When a blue whale opens its mouth, tonnes of water surge in. The whale then forces the water back out with its tongue, in such a way that it flows through the baleen combs in the front of its mouth. These baleen plates can filter up to half a million calories worth of plankton, krill [...]... Read more »

Meredith RW, Gatesy J, Cheng J, & Springer MS. (2011) Pseudogenization of the tooth gene enamelysin (MMP20) in the common ancestor of extant baleen whales. Proceedings. Biological sciences / The Royal Society, 278(1708), 993-1002. PMID: 20861053  

  • March 16, 2011
  • 04:22 PM
  • 1,436 views

http://bytesizebio.net/index.php/2011/03/16/why-are-there-no-disease-causing-archaea/

by Iddo Friedberg in Byte Size Biology

Quite a few people think that microbes are evil, disease causing minions of Hell that should be eradicated. Supermarkets are handing out sanitary wipes: wipe the handlebar if you want to live, never mind that 90% of the food in the supermarket is worse for you than anything you may catch off that cart handle. Almost every public space looks like the secret basement level of the CDC, with alcoholic hand sanitizers and posters portraying the horrors of aerosol-borne infections. Microbes are the i........ Read more »

  • March 16, 2011
  • 03:53 PM
  • 1,501 views

The Very Hungry Caterpillar Indeed…

by Dr. Carin Bondar in Dr. Carin Bondar - Biologist With a Twist

It’s a favorite book among children and parents alike (my own family included): ‘The Very Hungry Caterpillar’ by Eric Carle.  The book keeps it pretty straightforward – a caterpillar eats whatever it comes across until it’s time to cocoon and become a butterfly.  However, in biological reality nothing is ever that simple…
Caterpillars are group-living organisms.  [...]... Read more »

  • March 16, 2011
  • 03:48 PM
  • 1,617 views

Why are there no (or almost no) disease-causing Archaea?

by Iddo Friedberg in Byte Size Biology

Some microbes are evil minions of Hell (but not all) Quite a few people think that microbes are evil, disease causing minions of Hell that should be eradicated. Supermarkets are handing out sanitary wipes: wipe the handlebar if you want to live, never mind that 90% of the food in the supermarket is worse for [...]... Read more »

  • March 16, 2011
  • 03:43 PM
  • 1,293 views

FLIP-ing the Cell Death Switch

by Sanford- Burnham in Beaker

Cells come and go throughout our lifetime. Some live a long time (like brain cells), while others constantly grow, divide and die. Cell death is a process that must be carefully managed – too many cells dying in the brain leads to neurodegenerative diseases like Alzheimer’s, while not enough cell death allows tumors to form. [...]... Read more »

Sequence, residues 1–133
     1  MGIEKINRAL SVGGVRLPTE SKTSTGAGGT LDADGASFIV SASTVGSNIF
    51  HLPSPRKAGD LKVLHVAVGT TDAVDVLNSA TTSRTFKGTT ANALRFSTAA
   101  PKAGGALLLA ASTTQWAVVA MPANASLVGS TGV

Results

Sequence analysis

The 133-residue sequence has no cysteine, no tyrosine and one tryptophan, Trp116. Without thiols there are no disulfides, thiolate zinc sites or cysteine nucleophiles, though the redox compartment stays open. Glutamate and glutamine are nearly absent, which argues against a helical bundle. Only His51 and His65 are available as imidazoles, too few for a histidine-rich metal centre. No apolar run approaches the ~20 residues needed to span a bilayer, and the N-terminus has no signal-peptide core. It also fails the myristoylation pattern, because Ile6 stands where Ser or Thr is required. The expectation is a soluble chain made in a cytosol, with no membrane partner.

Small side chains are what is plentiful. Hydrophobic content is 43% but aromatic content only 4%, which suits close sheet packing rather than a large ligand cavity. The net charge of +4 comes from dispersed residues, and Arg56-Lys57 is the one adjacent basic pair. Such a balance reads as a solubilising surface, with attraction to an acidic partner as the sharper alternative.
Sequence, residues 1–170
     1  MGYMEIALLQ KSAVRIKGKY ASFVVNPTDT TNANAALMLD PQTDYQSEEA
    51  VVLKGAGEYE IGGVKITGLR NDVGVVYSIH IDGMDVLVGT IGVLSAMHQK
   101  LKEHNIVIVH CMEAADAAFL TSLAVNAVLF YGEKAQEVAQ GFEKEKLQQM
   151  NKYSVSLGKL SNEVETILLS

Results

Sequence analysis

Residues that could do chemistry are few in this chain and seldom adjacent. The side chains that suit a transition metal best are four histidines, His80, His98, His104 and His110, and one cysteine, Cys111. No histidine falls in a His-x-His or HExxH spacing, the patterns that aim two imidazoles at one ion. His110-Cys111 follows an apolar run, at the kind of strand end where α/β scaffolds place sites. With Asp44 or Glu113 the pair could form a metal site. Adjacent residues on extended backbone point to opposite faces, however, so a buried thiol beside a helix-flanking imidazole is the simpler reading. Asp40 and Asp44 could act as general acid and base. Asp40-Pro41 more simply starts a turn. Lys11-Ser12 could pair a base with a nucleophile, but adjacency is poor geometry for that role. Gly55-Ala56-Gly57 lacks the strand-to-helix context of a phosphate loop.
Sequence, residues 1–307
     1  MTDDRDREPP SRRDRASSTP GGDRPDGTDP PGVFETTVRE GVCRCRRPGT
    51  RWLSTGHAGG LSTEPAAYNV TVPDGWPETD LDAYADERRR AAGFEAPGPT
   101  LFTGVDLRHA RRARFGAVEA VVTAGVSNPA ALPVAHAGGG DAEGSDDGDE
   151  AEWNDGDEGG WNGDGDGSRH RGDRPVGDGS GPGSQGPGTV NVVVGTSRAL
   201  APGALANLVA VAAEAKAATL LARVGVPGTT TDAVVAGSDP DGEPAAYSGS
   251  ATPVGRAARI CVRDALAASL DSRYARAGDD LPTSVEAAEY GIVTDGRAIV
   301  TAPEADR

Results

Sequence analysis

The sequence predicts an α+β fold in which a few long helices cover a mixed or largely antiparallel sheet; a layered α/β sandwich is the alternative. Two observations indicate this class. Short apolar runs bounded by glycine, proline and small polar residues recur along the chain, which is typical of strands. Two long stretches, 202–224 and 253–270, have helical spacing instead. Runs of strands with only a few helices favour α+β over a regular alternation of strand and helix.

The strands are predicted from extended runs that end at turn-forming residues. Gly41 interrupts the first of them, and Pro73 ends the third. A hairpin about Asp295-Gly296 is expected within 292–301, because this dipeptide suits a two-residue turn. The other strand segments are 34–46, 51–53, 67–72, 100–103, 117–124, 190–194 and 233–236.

Oberst A, Dillon CP, Weinlich R, McCormick LL, Fitzgerald P, Pop C, Hakem R, Salvesen GS, & Green DR. (2011) Catalytic activity of the caspase-8-FLIP(L) complex inhibits RIPK3-dependent necrosis. Nature. PMID: 21368763  

  • March 16, 2011
  • 02:03 PM
  • 1,308 views

Sizing Up Kinship: Larger Groups Win

by Cris Campbell in Genealogy of Religion

There are a number of scholars who claim that “religion” evolved as an adaptation. What kind of adaptation? A group level adaptation. The story usually goes like this: at some unknown time during the middle or upper Paleolithic, certain groups of hominins developed proto-religious beliefs. These beliefs supposedly caused group members to dance, sing, and [...]... Read more »

Hill, K., Walker, R., Bozicevic, M., Eder, J., Headland, T., Hewlett, B., Hurtado, A., Marlowe, F., Wiessner, P., & Wood, B. (2011) Co-Residence Patterns in Hunter-Gatherer Societies Show Unique Human Social Structure. Science, 331(6022), 1286-1289. DOI: 10.1126/science.1199071  

  • March 16, 2011
  • 01:02 PM
  • 1,282 views

Vitamin D: How Supplements Affect Serum 25(OH)D Levels

by Kari Kenefick in Promega Connections

A few years ago a dietician friend sent me an interview with Dr. Michael Holick about vitamin D deficiency. I was stunned by the long reach of this vitamin on human health and physiology. In the past 5–7 years interest in vitamin D deficiency and reports on its connection to various chronic conditions in humans, [...]... Read more »

Cedric F. Garland, Christine B. French, Leo L. Baggerly, Robert P. Heaney. (2011) Vitamin D Supplement Doses and Serum 25-Hydroxyvitamin D in the Range Associated with Cancer Prevention. Anticancer Research, 607-612. info:/21378345